MA, Stanford University
Teaching in the San Francisco Bay Area
Alissa is currently a teacher in the San Francisco Bay Area and Brightstorm users love her clear, concise explanations of tough concepts
MA, Stanford University
Teaching in the San Francisco Bay Area
Alissa is currently a teacher in the San Francisco Bay Area and Brightstorm users love her clear, concise explanations of tough concepts
Some of your early homework problems when you’re working with polynomials will ask you to write them in standard form and find the degree. Remember standard form means the exponents go in order decreasing from largest to smallest and the degree is the largest exponents, so let’s check it out.
Part A. Write this polynomial in standard form. Standard form means I need the biggest exponent to come first. My biggest exponent is right there, that 3, x to the third. Keep in mind that negative means negative 1 times x to the third, so I’ve got to take the negative 1 along with me. Negative x to the third and I want to decrease my other exponents 2x² 4x it’s like 4x to the first power and then take away 8, that’s like x to the zero power. So there we go. That’s in standard form.
Can you think of what the degree is for this polynomial? Keep in mind degree means the highest exponent. We don’t care about these big constant numbers, all we care about is the exponents, remember we’re looking for the degree. So the degree of this guy is 3. This is the third degree polynomial. Degree of 3, standard form third degree.
Next one let’s check it out. We want to put this into standard form meaning we have the largest exponents and then they go in decreasing order. We’re kind of lucky. These guys are already in standard form. Look at the exponents x to the 8th, x to the 5th this is like x to the 0, they’re already decreasing, so that guy is already in standard form.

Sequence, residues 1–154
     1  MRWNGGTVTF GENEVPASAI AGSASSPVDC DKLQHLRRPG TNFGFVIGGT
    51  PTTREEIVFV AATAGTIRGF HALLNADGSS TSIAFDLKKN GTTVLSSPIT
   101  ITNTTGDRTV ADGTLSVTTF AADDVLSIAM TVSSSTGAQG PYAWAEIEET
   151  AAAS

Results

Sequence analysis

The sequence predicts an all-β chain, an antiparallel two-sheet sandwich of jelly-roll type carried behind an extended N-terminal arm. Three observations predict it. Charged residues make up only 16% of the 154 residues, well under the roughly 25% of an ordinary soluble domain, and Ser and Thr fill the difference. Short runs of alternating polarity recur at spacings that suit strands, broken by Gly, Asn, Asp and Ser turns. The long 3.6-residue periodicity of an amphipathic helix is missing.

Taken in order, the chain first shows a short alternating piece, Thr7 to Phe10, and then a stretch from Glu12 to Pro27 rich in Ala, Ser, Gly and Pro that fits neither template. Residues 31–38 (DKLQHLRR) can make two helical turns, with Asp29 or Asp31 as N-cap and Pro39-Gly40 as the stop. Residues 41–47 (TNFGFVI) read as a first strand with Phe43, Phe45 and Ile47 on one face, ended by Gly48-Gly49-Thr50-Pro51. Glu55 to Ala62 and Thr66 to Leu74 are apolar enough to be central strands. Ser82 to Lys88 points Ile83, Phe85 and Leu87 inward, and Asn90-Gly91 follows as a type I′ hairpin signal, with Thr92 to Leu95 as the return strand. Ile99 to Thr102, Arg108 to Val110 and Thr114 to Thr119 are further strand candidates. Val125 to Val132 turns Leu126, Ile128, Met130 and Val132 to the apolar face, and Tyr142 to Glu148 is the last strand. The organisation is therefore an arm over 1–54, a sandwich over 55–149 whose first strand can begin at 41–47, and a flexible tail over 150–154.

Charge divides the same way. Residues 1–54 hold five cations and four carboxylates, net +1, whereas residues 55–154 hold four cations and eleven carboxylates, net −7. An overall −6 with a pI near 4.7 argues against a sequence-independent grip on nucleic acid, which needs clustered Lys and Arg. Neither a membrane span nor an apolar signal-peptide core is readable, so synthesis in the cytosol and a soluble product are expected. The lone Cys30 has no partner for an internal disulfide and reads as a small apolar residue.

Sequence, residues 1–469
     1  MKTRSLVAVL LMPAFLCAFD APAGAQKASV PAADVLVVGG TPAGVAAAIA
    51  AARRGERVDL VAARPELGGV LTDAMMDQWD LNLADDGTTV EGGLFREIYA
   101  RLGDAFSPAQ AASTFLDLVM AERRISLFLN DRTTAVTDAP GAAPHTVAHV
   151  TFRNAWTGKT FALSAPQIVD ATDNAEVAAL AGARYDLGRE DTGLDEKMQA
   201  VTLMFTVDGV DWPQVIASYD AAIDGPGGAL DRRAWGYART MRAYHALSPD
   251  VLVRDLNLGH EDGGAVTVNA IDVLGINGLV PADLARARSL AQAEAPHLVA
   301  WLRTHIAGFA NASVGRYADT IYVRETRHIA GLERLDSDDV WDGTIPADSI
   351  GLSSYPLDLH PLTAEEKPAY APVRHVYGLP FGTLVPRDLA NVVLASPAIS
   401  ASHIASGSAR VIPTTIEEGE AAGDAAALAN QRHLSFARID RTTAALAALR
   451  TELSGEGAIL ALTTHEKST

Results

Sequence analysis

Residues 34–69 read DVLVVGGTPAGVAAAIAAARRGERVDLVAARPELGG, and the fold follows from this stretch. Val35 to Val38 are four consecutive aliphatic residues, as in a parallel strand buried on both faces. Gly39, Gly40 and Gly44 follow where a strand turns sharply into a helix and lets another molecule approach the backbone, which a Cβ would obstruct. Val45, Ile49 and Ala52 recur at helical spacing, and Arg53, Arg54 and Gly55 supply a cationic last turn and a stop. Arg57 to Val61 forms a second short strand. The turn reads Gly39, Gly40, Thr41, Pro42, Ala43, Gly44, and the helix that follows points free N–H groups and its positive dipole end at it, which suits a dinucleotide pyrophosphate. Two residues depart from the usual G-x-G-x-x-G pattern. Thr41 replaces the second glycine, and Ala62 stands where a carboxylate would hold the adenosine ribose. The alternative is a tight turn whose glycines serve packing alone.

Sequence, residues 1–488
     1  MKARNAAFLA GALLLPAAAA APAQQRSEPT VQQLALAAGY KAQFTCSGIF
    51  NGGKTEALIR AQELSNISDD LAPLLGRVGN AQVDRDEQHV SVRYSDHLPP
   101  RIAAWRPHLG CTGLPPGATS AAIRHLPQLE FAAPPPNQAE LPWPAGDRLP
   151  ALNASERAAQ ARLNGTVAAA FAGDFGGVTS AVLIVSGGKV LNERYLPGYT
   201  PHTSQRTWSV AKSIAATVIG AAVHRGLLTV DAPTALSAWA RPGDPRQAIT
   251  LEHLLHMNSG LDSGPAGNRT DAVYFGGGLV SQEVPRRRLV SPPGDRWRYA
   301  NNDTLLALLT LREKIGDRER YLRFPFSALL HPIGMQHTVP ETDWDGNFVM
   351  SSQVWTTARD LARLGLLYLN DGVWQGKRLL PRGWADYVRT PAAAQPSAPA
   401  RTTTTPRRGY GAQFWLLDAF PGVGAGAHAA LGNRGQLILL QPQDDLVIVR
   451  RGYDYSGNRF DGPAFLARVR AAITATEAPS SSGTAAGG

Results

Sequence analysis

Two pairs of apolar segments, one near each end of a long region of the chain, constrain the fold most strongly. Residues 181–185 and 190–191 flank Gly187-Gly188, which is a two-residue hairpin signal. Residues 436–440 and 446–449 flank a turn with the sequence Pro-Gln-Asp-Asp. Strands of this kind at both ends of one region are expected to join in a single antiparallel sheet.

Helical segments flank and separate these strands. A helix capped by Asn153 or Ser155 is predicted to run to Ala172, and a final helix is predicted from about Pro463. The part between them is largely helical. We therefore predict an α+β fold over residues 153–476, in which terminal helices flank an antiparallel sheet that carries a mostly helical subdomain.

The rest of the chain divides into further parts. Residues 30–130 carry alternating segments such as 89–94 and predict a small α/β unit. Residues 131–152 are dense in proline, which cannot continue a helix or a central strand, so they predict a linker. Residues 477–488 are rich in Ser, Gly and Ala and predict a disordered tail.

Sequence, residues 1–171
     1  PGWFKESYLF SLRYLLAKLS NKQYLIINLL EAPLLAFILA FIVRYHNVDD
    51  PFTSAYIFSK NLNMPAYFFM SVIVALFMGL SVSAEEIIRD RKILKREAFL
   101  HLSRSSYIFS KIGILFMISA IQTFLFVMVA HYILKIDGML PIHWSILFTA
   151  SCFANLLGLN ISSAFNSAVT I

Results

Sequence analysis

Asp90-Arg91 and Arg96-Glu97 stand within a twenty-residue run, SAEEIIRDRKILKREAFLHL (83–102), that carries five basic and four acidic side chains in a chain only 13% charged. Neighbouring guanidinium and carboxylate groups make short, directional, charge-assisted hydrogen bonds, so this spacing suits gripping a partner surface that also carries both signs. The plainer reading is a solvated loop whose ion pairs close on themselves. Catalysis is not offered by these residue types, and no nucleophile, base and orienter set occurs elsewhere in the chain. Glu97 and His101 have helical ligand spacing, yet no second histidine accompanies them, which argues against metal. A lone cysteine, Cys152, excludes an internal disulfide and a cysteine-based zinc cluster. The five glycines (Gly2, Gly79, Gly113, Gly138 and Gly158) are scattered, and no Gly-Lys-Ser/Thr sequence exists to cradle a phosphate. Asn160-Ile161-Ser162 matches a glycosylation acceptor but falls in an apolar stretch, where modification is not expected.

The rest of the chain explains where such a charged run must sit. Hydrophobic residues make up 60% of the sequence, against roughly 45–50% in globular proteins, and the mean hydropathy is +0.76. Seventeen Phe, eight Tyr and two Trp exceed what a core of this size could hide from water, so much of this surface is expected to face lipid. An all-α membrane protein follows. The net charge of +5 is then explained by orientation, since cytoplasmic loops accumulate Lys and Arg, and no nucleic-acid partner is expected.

Okay, but when looking for the degree keep in mind the degree means the largest exponent, so in our case the degree here will be 8, that’s an eighth degree trinomial, trinomial because it has 3 terms.
Last but not least we have this one little funny old monomial, monomial meaning there’s only one term. Even though there’s one term, we can say it’s already in standard form because the exponents are already in decreasing order. Of course they aren’t really in the exponents, unless you wanted to write this as 8x to the 0 that’s okay if it helps make sense of this, keeping in mind anything to the 0 power is 1. So I haven’t changed the value of that 8 by multiplying it by 1. That might help you to see that the degree of that monomial which is also a constant I’m trying to use lots of vocabulary here, monomial , constant, the degree of that guy is just going to be zero because I have x to the 0, It’s the exponent on my variable term. So these problems aren’t too difficult, you guys you can absolutely do them, aim for an A+ on that test.
Unit
Polynomials